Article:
The Third Sector will lose out unless something is done about the accrual of councils’ pension liabilities

More charities are seeking alternative ways to generate income. Gone are the days that the third sector are solely reliant on unsuspecting parties being approached to donate ‘just two pounds per month’.

The government has slashed public sector spending, including the budget of local authorities (LAs).  At risk of oversimplifying matters, LAs have responded by outsourcing some of their services.

Many charities have gone into public sector outsourcing (PSO) blind which, in time, could prove horrifically costly. Specifically, I am referring to the pension risk that can conveniently transfer to the winning charity.

Charities are required to offer eligible staff transferring under TUPE the right to a broadly comparable pension arrangement[1]. In real terms, this translates to a lot of money (and risk), which, importantly, charities are not considering, let alone pricing into their bids.

Pension risk can threaten the very existence of a charity

I understand ‘profit’ is a dirty word within some charities, but PSO should be self-sufficient. The cost of running public sector services should be covered by the contract price, with a little surplus (profit) to cover administration costs – third sector employees do not work for free.

One variable that can seriously impact profit is pension liability. Worse still, pension risk can threaten the very existence of a charity. 

One organisation to feel the pension’s bullet is People Can – the charity was driven into insolvency by their pension liabilities. People Can inherited significant pension risk after winning various public sector contracts. In the end, People Can realised a pension liability of about £17m which they could not afford to repay.

Many LAs find it perfectly acceptable to discharge pension risk as part and parcel of the deal

Pension risk relating to TUPE is huge, and must not be underestimated. There are ways and means of mitigating pension risk. Again, in danger of over-simplification, LAs should be asked to retain all risk related to pension liabilities, and this should be reflected in the commercial contract.

In practice, however, LAs are less than willing to oblige.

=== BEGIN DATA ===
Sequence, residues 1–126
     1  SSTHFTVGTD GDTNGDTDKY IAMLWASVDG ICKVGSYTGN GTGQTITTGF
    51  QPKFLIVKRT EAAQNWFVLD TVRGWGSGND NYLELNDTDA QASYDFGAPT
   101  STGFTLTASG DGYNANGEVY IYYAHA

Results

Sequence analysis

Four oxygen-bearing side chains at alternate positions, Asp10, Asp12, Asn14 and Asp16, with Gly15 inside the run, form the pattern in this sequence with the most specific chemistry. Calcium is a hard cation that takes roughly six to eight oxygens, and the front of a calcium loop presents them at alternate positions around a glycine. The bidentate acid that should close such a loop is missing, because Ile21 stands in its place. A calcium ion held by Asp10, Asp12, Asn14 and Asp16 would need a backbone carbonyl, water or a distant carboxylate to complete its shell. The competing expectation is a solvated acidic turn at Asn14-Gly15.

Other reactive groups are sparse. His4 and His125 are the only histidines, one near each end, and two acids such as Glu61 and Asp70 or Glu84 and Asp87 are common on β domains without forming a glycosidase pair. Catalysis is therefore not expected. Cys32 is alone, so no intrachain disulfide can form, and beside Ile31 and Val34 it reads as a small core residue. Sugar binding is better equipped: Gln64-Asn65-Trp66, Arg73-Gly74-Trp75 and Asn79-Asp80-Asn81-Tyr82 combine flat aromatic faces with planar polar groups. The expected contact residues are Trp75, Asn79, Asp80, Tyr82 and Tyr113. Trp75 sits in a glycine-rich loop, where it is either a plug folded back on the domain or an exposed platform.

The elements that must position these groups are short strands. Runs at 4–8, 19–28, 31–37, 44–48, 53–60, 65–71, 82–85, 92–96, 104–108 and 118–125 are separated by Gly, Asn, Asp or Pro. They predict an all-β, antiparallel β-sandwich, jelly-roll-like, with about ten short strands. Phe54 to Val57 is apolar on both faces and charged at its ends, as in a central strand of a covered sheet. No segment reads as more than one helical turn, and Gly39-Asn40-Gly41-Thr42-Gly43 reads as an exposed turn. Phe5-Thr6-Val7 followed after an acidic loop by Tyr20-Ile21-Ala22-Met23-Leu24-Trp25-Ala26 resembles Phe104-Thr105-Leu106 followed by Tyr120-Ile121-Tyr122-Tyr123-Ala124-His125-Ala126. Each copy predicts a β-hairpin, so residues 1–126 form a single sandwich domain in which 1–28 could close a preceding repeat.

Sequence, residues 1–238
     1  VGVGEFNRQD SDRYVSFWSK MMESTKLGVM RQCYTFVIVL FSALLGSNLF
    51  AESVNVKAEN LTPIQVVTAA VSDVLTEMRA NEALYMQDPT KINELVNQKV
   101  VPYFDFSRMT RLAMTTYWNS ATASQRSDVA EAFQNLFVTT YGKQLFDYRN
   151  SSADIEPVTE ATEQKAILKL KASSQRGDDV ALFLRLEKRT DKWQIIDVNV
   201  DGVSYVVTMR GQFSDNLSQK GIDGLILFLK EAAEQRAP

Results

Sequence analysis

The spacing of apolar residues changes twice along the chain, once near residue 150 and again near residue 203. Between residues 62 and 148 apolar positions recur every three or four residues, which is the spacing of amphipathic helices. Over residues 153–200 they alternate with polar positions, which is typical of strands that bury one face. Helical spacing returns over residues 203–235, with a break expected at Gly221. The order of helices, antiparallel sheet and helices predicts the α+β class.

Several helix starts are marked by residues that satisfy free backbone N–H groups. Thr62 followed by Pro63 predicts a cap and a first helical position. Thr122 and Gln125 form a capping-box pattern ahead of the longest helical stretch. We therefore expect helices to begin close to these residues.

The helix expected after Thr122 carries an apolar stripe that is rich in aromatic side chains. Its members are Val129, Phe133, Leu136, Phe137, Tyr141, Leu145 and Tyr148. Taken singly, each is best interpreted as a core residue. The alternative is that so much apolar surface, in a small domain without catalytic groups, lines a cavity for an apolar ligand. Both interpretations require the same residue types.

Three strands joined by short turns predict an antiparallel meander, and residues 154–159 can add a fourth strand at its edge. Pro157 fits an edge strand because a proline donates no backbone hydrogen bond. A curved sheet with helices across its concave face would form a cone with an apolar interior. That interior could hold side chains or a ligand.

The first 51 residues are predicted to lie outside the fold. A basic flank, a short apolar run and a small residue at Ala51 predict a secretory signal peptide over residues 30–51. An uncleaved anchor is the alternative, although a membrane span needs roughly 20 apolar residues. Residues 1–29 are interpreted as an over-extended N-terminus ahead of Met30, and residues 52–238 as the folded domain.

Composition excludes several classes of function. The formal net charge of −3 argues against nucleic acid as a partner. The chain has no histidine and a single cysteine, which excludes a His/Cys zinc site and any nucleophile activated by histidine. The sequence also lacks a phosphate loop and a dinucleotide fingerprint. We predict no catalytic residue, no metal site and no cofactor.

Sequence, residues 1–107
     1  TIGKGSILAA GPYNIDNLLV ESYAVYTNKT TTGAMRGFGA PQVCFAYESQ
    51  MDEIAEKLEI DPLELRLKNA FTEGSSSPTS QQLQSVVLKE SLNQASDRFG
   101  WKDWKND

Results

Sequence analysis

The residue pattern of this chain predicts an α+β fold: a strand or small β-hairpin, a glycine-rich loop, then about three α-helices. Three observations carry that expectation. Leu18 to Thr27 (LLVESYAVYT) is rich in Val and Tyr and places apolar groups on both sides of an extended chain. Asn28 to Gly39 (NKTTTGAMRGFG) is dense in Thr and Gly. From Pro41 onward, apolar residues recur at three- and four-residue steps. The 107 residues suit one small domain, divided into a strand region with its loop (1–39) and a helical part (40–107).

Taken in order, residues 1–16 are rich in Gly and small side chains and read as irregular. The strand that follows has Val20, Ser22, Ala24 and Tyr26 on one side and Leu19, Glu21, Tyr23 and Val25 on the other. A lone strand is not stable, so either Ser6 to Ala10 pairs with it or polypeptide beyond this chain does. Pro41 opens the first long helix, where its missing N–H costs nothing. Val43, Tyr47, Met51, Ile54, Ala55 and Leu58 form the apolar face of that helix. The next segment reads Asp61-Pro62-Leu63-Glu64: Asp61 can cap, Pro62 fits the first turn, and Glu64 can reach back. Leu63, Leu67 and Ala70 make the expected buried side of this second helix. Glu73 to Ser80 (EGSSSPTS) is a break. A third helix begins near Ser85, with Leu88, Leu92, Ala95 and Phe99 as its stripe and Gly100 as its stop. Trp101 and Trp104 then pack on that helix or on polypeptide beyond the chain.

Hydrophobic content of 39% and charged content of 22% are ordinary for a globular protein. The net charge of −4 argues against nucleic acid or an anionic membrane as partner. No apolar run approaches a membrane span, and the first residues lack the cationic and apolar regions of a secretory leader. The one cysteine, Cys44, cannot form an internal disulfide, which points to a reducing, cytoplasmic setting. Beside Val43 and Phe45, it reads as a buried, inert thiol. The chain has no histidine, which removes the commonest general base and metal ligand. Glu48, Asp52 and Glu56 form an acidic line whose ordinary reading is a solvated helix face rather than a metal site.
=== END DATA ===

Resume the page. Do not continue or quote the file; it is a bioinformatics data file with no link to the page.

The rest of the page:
Each tender will be for the delivery of a particular service, not as an opportunity for LAs to offload their pension risk to the charitable sector. Many LAs find it perfectly acceptable to discharge pension risk as part and parcel of the deal, despite attempts to persuade councils that the practice is absurd. In fact, it would seem that LAs openly ignore their own guidance:

‘It is, therefore, recommended that the letting authority and contractor discuss with the relevant administering authority and its actuary, the best way to manage potential risks’[2]    

A cynic might say that the LAs are offloading pension liabilities

A cynic might say that the LAs are offloading pension liabilities as part of a rather grandeur de-risking attempt. However, I suspect the real reason is far more simplistic – the LAs, themselves, don’t understand pension risk.

It is important that charities gain pension and legal advice before committing to a particular contract, and charities should be prepared to walk away. Some charities seem to loathe this approach due to ‘reputational risk’ – which is nonsense. You are only as good as your next tender – all previous dealings are forgotten. 

I have not gone in to the various pension risks in detail, mainly because this would require a separate article (let the pension and legal professionals worry about this). The purpose of this commentary is to raise awareness. 

Charities need to make a stand

Until the third sector collectively refuses to take on pension risk, LAs will continue to pass on these liabilities as business as usual – charities need to make a stand.   

Trustees have a legal obligation to act in the best interests of the beneficiaries, and to safeguard the assets of the trust. I suspect the Charity Commission would take a dim view on how some charities are exposing their organisation to huge pension risk. One may even argue it is illegal. 

Gareth Hopkins is a pensions consultant. He tweets @MrHopkins

 

[1] The Secretary of State’s 2007 Direction on pensions

[2] Department for Communities and Local Government: London (December 2009)

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